There is almost no inflation in June, except for the fictitious shelter measures

– by a New Deal Democrat

The message from this morning’s consumer inflation report was the same for almost everything except the dummy shelter-in-place measures: a sharp slowdown across the board.

Let’s take a look:

Core CPI up 0.2% month-on-month and 3.1% year-on-year (lowest since March 2021)

Core CPI rose 0.2% month-on-month and 4.9% year-on-year (lowest since October 2021):

CPI less shelter up +0.2% and 0.7% y/y (lowest since February 2021):

New and used vehicles: 0.0% and -0.5% month-on-month respectively, and +4.1% growth and -5.2% year-on-year decline respectively:

Food is up 0.1% month-on-month and 5.7% year-on-year:

But food prices rose by just 0.3% in the 4 months since February:

Transport services (spare parts, repairs, etc.) were also a hotspot and also slowed to 0.4% month-on-month and 8.2% year-on-year growth (but down from a peak of 15.2% year-on-year last October:

Finally, owner-equivalent rent is up 0.4% on a monthly basis:

and 7.8% y/y (down from an all-time y/y of 8.1% y/y in April):

Here’s how it compares to home prices as measured by the Case Shiller National Index on an annualized basis (/2.5 for scale):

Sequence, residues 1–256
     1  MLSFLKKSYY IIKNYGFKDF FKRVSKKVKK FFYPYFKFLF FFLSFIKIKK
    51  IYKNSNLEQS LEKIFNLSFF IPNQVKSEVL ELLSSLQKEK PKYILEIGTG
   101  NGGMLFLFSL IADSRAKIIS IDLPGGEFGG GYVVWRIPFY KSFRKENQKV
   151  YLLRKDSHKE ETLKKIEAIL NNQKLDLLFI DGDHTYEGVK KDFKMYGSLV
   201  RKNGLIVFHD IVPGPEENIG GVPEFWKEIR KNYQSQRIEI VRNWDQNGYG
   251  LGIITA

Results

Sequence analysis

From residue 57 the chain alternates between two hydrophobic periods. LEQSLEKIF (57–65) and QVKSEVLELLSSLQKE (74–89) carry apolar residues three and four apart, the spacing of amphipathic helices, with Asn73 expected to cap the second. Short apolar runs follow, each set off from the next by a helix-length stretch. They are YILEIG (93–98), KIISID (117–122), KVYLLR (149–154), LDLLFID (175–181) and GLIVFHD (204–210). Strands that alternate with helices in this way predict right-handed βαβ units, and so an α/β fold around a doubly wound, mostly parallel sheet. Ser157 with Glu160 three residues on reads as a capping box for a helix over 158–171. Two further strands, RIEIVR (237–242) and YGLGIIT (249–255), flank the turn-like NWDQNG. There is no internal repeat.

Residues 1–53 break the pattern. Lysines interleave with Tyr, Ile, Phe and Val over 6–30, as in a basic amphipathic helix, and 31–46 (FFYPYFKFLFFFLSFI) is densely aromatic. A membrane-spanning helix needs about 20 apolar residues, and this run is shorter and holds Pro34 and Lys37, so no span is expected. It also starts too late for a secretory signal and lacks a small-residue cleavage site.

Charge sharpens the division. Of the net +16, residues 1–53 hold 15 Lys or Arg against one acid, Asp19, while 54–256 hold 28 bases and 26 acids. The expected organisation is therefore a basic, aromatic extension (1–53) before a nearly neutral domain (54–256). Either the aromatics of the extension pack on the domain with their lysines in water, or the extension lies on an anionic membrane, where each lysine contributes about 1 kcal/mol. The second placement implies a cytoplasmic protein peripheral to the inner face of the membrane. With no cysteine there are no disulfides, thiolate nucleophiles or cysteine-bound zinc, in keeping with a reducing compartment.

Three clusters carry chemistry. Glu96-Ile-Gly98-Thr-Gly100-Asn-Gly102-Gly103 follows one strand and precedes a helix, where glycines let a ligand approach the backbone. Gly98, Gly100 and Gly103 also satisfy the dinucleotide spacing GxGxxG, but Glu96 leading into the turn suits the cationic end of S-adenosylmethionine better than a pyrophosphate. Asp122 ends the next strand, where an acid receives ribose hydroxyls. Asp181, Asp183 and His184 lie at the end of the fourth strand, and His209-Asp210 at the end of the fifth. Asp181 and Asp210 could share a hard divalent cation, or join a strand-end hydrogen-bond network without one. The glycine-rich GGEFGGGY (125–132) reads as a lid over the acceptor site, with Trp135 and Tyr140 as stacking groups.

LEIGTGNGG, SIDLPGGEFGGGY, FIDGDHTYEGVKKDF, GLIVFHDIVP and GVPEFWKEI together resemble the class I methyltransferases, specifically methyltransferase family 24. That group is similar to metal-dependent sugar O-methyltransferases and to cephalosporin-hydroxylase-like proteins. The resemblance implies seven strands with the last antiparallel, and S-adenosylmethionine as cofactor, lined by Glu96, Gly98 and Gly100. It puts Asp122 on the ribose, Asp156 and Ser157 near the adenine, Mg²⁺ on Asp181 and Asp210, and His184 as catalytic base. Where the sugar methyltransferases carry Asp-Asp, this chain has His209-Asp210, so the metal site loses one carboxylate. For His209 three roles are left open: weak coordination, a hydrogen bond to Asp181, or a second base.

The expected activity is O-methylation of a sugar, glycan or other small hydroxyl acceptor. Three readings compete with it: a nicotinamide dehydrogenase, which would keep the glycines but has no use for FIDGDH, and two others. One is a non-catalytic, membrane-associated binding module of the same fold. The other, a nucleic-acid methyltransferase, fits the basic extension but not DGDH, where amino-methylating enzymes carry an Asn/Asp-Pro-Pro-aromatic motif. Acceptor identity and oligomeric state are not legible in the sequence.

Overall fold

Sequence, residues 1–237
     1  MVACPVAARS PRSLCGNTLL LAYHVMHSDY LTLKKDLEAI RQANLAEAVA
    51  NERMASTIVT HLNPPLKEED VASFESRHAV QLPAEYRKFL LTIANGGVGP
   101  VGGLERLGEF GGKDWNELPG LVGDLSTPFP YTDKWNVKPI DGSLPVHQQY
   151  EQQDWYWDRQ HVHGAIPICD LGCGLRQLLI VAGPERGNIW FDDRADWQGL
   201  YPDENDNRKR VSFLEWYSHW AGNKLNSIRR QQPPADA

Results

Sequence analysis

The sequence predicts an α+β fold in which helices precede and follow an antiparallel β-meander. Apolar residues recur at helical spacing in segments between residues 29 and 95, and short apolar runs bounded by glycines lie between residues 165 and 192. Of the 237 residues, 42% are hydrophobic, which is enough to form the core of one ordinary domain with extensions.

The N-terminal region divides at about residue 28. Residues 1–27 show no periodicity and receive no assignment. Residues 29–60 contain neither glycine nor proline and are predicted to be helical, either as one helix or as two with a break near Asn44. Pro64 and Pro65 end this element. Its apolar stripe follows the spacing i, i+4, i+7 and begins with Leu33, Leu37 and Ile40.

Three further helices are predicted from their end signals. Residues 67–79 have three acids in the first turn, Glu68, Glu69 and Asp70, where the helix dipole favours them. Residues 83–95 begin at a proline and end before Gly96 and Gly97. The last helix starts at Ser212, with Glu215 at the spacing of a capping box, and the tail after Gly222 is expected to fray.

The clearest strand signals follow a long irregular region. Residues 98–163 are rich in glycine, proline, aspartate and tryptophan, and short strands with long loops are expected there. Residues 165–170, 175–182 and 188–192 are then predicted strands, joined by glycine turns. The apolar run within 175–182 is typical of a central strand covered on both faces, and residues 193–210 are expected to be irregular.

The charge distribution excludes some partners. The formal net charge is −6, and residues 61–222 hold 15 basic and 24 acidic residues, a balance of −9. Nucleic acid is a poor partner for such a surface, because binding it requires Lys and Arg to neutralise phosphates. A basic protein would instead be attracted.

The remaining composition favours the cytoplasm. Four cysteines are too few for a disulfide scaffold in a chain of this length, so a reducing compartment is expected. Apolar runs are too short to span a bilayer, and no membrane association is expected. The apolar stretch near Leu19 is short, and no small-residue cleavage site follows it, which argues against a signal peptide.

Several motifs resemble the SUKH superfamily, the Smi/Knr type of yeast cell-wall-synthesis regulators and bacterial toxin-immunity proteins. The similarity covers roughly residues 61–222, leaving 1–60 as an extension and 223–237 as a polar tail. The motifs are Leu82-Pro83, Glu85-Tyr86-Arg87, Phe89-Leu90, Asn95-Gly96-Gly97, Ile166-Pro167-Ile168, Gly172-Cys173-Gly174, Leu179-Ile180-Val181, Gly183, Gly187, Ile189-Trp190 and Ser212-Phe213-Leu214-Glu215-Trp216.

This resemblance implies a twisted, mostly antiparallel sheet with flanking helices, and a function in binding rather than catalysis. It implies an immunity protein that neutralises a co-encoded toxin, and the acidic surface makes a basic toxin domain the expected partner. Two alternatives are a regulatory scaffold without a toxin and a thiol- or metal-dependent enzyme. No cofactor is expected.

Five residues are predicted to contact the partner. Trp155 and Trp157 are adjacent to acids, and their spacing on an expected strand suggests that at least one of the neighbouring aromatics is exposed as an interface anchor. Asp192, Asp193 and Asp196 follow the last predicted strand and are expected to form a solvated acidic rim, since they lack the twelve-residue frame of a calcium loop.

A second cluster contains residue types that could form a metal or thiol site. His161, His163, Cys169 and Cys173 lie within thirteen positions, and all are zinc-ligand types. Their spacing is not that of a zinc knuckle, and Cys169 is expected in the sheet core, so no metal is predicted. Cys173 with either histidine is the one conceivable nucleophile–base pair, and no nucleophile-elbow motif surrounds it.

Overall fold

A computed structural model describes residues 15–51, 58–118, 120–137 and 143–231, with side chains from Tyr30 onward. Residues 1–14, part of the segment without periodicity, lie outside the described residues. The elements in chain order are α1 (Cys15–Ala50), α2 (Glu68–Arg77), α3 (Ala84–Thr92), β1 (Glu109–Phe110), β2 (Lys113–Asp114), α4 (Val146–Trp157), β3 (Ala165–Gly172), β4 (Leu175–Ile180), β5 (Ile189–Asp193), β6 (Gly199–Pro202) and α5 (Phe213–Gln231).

Since the beginning of this year, monthly OER increases have decreased from 0.8% to 0.45%. Annualized OER is likely to be below 4.0% and perhaps below 3.0% by the end of next winter.

To recap: with the exception of the dummy shelter measure, the only inflation “hotspots” left are new vehicles (but which are resolving as supply chain issues are finally resolved) and transportation services. Food inflation has generally stalled over the past 4 months.

And if the actual new increase in rents and house prices were replaced by the dummy OER measure and the 12-month average used for leases, core inflation would only rise by about 0.8% year-on-year, and core inflation would rise by 3.0%.

But I’m sure there’s some sticky price somewhere, blah blah blah, that will justify the Fed’s continued aggression.

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